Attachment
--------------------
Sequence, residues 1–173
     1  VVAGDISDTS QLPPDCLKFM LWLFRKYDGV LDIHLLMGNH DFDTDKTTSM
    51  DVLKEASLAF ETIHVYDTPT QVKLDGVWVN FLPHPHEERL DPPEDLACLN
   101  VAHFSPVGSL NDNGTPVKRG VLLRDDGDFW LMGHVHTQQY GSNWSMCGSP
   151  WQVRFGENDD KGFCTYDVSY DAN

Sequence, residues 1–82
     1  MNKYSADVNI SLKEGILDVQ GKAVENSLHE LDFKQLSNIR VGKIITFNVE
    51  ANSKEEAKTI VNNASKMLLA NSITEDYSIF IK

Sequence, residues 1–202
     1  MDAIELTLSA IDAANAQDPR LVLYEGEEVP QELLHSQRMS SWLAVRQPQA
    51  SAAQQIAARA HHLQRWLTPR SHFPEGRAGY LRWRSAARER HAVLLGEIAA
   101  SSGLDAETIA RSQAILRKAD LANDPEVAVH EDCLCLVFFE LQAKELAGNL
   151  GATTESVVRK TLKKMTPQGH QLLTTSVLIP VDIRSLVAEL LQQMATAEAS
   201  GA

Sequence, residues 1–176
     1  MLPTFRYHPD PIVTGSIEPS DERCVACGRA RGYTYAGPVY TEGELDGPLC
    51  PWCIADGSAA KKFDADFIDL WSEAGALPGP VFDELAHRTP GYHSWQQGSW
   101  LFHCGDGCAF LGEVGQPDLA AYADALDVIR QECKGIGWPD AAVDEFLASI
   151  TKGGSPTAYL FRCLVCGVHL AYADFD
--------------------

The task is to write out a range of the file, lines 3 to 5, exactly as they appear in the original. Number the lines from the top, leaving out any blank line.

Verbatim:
    51  DVLKEASLAF ETIHVYDTPT QVKLDGVWVN FLPHPHEERL DPPEDLACLN
   101  VAHFSPVGSL NDNGTPVKRG VLLRDDGDFW LMGHVHTQQY GSNWSMCGSP
   151  WQVRFGENDD KGFCTYDVSY DAN